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‘Friends’ Censorship In China Sparks Online Backlash – Deadline

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The return of popular American sitcom Friends to streaming services in China has provoked a significant online backlash after viewers noted numerous changes that had been made to the show, including the removal of LGBTQ references.

Friends became viewable again in China from February 11, including on streaming service Tencent Video.

The Weibo social media platform was quickly awash with fans of the show voicing disappointment about the changes, which included the removal of sexually suggestive lines and an entire plotline in season one (the character Carol, Ross’s ex-wife, being gay).

The hashtag #FriendsCensored quickly attracted millions of views. “I compared this episode and found that all the lines referring to Ross’s ex-wife Carol being a lesbian were deleted. It’s very clearly disjointed,” wrote one user in a post that post that received more than 177,000 likes, according to AFP.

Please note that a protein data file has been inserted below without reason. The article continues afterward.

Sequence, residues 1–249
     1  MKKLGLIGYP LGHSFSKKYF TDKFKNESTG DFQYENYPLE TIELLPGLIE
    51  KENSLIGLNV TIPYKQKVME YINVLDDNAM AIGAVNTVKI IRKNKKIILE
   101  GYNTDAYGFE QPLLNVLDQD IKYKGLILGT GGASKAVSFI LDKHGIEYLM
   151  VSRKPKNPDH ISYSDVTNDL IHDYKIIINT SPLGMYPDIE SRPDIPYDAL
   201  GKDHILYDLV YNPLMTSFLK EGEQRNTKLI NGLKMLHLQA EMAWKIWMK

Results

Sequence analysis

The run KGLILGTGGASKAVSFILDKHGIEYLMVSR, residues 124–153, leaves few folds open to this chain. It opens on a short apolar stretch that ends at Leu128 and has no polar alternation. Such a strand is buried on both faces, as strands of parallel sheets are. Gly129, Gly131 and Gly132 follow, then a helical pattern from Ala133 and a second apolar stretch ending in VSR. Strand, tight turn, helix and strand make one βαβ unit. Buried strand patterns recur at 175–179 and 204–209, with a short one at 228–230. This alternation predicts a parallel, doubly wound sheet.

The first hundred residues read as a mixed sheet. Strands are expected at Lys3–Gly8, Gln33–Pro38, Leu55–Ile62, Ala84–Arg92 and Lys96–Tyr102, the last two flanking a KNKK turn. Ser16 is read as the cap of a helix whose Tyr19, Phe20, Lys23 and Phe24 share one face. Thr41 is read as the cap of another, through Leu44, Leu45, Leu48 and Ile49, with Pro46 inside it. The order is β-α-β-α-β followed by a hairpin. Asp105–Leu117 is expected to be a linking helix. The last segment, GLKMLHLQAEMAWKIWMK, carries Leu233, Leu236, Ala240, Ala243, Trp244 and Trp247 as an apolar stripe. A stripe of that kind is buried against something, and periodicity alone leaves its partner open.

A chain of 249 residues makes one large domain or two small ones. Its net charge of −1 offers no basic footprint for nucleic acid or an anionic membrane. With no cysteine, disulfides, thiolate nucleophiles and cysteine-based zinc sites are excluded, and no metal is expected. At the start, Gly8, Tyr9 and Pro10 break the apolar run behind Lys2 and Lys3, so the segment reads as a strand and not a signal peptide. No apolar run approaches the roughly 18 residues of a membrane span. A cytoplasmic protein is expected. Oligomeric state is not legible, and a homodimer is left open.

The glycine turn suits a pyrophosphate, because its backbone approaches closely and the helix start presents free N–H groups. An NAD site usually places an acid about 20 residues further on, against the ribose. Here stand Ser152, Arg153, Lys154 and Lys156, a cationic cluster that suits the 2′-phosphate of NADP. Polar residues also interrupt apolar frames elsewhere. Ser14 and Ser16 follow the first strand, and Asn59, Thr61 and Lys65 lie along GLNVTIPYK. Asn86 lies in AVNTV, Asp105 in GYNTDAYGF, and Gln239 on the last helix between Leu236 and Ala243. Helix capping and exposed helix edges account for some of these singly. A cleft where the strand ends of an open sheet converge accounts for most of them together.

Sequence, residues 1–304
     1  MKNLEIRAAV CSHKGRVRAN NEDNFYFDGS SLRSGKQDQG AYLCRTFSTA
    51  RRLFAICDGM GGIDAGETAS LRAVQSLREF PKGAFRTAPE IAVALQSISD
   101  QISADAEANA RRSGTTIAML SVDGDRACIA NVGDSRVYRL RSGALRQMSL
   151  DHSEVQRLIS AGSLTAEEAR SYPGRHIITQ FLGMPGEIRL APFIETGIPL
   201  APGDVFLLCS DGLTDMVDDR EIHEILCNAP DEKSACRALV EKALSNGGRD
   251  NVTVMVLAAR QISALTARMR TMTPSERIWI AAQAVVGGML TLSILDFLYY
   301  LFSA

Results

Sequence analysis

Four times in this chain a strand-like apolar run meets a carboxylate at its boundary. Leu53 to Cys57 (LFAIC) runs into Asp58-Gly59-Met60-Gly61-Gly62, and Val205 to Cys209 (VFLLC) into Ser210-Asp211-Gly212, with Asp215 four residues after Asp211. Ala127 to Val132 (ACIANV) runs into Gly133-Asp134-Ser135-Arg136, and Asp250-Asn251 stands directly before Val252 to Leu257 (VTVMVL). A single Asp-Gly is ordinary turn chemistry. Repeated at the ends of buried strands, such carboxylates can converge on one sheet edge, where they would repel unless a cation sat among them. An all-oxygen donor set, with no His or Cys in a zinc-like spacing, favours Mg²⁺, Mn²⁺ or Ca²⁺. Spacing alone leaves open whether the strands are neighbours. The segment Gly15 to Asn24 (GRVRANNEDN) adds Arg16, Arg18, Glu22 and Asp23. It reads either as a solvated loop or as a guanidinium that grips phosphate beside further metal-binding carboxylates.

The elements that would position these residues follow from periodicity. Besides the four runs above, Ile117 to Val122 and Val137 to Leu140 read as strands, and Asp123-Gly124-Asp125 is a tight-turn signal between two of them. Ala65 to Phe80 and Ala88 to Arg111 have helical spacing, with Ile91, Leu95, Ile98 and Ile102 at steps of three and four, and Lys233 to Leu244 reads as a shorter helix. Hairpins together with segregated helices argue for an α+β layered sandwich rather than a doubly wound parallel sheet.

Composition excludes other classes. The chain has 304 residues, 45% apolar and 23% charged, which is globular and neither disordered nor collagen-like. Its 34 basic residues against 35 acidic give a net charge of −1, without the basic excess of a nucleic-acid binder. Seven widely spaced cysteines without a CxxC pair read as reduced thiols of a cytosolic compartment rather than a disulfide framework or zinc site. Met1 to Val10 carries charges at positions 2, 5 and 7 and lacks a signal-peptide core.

There were further dissenting voices on Twitter. One user claimed that a globe visible in the background of one shot had been blurred out “mysteriously”, speculating that it could be to do with the situation in Taiwan.

At one point, the #FriendsCensored tag itself appeared to be censored, replaced by more positive-sounding tags on Weibo.

Friends previously aired in China uncensored in 2012 on streamer Sohu.

This is the second recent censorship row in China, following news last week that Fight Club was being streamed with an alternate ending. After a backlash, Tencent restored the original.



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